sacramento | After more than 60 minutes of impassioned debate, following weeks of acrimony, the Sacramento City Council voted unanimously Aug. 14 to name Ashkelon, Israel as Sacramento’s 10th sister city.
The resolution passed after weeks of rising tension between the pro-Israel and pro-Palestinian communities.
Ashkelon was proposed as a potential sister city for Sacramento in 2009, part of a compromise when the council voted to adopt the Palestinian city of Bethlehem into its sister-city program. The program is generally considered ceremonial, though delegations from Sacramento and its sister cities do make occasional trips to visit one another. Other sister cities include Jinan, China; Chisininau, Moldova; and Liestal, Switzerland.
More than 250 people packed City Hall for the Aug. 14 meeting, with attendees lining up more than an hour before the 6 p.m. start time. Some held Israeli flags. Opponents of the resolution held signs reading “No rights, no sisters” and “I am a Palestinian Sacramentan, therefore I cannot visit Ashkelon on a sister-city delegation.”
Palestinian-Americans against the resolution had argued that they would need special permission to visit Ashkelon. Pro-Israel speakers countered that such permission would be no more difficult than obtaining a tourist visa.
“There’s no reason for this resolution not to go through tonight,” said Melissa Chapman, executive director of the Jewish Federation of the Sacramento Region, before the meeting. “It was clearly stated that if Bethlehem was accepted as a sister city, an Israeli city would be as well … [Opponents] are really stretching the truth in some of the claims that have come forward … so we’ve tried to provide the City Council with as much factual, unbiased information as possible.”
A large contingent from Mosaic Law Congregation, a Conservative synagogue in Sacramento, attended the meeting; the synagogue’s rabbi, Rabbi Reuven Taff, had been speaking about the resolution this past month.
Twenty-six people were chosen to speak during the public comment portion of the meeting, 13 in favor of the resolution and 13 opposed.
Adeeb Alzanoon, a local delegate for the Palestinian American Congress, said that Ashkelon, which sits just north of the Gaza Strip and was part of the British Mandate for Palestine until 1948, did not meet the criteria for a sister city — such as inclusiveness and the desire to promote friendship between nations.
Another speaker said Ashkelon was a bad choice because a prison there, Shikma, has been cited by Amnesty International for ill-treatment of Palestinian inmates.
Jewish Voice for Peace was among the most vocal opponents of the resolution. “If our neighbors and friends who are from Palestine can’t participate, then we shouldn’t have a sister city relationship,” JVP member David Mandel said.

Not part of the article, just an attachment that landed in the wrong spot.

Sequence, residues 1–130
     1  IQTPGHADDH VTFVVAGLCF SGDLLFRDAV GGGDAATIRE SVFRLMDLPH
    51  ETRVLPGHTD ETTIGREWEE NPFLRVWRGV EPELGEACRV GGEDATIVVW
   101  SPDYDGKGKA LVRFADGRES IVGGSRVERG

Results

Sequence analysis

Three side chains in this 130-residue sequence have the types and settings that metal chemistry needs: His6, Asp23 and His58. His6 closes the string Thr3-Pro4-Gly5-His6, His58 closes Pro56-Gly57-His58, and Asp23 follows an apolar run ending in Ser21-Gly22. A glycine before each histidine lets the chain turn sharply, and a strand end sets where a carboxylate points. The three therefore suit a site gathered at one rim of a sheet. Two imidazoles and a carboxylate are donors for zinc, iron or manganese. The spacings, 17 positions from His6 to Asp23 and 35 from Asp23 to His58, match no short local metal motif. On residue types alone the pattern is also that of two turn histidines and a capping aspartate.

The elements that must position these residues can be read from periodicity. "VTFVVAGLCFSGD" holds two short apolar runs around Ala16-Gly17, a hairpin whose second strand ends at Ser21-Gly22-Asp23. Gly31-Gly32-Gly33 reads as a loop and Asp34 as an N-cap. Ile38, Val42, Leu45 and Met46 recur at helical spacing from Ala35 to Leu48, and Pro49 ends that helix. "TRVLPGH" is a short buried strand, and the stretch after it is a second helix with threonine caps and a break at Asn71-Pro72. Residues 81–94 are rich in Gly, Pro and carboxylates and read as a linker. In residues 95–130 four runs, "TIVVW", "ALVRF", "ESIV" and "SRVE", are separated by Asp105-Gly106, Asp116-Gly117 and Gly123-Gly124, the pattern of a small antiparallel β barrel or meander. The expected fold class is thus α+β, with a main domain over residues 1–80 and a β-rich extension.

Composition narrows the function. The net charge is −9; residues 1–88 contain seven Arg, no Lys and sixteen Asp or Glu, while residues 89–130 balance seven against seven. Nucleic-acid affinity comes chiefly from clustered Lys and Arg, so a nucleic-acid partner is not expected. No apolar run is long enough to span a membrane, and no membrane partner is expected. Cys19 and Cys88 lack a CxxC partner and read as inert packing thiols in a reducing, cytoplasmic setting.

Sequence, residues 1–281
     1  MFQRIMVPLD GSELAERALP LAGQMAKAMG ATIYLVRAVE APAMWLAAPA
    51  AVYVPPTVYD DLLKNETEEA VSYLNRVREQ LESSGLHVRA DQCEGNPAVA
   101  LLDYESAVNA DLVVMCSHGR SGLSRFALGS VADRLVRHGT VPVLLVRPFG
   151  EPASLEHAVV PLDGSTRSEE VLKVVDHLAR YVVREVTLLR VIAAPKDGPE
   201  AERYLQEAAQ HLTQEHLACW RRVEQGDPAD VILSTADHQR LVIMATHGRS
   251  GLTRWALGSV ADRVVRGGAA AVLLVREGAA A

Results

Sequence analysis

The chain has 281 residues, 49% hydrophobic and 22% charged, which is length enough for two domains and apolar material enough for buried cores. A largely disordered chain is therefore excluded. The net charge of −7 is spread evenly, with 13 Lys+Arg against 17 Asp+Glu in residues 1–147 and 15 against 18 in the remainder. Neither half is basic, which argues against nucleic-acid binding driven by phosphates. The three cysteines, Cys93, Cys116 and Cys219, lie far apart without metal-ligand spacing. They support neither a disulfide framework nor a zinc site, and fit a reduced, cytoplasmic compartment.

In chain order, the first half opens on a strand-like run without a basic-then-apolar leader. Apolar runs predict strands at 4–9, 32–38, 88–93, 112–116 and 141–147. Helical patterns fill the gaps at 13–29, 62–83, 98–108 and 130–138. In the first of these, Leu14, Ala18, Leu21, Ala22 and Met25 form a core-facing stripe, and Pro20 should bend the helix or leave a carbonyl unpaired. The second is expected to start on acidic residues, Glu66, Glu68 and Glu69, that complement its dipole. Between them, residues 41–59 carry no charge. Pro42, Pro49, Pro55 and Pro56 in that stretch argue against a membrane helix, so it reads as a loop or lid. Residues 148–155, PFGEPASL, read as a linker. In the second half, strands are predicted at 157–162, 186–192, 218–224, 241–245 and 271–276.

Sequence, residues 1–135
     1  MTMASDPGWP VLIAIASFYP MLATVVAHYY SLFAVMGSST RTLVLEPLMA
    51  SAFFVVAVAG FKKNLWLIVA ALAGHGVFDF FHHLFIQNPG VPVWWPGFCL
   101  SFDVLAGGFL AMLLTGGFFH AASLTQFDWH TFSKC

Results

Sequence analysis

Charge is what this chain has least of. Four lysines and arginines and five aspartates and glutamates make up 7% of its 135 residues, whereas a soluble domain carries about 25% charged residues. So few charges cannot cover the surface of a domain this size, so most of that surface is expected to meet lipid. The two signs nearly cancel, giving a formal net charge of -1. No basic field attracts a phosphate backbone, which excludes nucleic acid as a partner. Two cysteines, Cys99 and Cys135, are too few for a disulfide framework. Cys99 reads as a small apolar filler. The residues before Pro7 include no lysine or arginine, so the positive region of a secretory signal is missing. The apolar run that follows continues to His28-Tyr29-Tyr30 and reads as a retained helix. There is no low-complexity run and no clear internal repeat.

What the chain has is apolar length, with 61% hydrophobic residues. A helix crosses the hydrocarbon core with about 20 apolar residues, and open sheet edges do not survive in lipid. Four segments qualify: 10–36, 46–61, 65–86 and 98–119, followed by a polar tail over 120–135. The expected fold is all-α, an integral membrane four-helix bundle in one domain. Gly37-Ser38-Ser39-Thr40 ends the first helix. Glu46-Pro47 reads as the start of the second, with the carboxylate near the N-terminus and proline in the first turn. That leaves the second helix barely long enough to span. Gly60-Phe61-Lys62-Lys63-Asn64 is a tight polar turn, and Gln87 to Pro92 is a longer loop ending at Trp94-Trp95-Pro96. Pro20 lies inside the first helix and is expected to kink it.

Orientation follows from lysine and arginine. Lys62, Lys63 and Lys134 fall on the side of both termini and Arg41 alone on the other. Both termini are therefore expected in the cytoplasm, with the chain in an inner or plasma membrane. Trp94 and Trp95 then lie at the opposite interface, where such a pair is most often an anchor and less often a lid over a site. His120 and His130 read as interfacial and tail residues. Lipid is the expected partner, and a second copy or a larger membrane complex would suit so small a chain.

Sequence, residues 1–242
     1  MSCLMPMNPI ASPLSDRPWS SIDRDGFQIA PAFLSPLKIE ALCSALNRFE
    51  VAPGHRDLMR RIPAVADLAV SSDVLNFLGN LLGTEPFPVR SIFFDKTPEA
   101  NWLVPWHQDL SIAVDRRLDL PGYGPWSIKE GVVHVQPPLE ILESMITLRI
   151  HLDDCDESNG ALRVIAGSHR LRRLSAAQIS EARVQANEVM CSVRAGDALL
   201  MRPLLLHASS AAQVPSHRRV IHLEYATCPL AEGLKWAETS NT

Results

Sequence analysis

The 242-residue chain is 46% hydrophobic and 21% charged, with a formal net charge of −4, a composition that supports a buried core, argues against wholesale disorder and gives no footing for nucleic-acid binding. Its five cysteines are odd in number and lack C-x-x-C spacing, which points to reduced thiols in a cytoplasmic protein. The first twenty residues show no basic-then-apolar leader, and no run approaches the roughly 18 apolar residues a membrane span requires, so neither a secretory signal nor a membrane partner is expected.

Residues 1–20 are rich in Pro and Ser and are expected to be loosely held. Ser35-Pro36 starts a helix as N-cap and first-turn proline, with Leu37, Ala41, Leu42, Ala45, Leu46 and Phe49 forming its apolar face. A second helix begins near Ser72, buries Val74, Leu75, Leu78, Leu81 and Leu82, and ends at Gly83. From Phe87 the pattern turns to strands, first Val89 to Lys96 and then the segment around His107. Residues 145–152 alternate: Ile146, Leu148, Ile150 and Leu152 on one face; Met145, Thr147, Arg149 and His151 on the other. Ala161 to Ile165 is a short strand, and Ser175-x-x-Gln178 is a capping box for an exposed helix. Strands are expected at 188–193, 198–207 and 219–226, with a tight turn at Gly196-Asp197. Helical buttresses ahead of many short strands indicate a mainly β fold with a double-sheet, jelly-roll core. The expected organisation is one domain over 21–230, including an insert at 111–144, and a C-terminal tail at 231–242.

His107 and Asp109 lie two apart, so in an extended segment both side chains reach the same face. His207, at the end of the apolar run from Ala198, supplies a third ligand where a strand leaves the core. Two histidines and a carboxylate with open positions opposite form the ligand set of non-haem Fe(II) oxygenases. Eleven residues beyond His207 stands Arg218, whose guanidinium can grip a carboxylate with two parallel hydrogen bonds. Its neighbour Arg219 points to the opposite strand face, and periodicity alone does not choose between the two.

Among the first people to speak in support of the resolution was State Sen. Darrell Steinberg.
“One great thing about Sacramento, one thing that stands out, is that no matter who we are, who we represent, in good times and bad, we stretch for one another,” said the Senate’s president pro tem. “We build bridges. We expect people with different points of view to talk to one another. That’s what the sister-city movement is all about.”
Gail Rubin, a local representative for StandWithUs, presented a petition signed by 3,000 people in support of the resolution. “What you’ve heard tonight [from the opposition] is a smear campaign, lies the likes of which we haven’t heard since the Nazi era,” she said, drawing murmurs of disapproval from some in the crowd. She added that the Barzilai Medical Center in Ashkelon treats Israelis and Palestinian residents of Gaza, including “known terrorists” who have medical need.
Other speakers in support included representatives from Christians United for Israel, who said they organized their national network to email council members throughout the summer. A spokesman for the group said more than 22,000 messages had been sent by Aug. 13.
Council member Jay Schenirer, former president of Sacramento’s Congregation B’nai Israel, said he would work to make sure local Palestinians could be involved in a delegation to Ashkelon.
He also noted that studies have called Sacramento the most ethnically “integrated” city in the country. “As we move forward, we want Sacramento to be a great city,” he said. “We can choose to fight, we can choose to be divisive or we can choose to work together.”
When the nine-member council, minus an absent Mayor Kevin Johnson, voted unanimously to pass the resolution, the decision was met with a standing ovation and applause from more than half the room. The meeting ended shortly thereafter, around 8:30 p.m.
Taff wrote in an email the following morning that he was “delighted” with the outcome, but also “disturbed by the controversy and hateful rhetoric which is synonymous with the BDS movement.
“The baseless lies spewing forth from the mouths of the opponents (including a few Jews) of this benign initiative was shuddering,” he wrote. “Last night is a reminder that we Jews must always be prepared to stand up to bigotry, deception and remind the world of what happens when people allow hatred to guide them.”
Abby Okrent, a member of Jewish Voice for Peace, said she wasn’t surprised by the decision. She said the council “didn’t really listen to our stated concern about discrimination” that Palestinian Sacramentans will face if and when they try to visit Israel.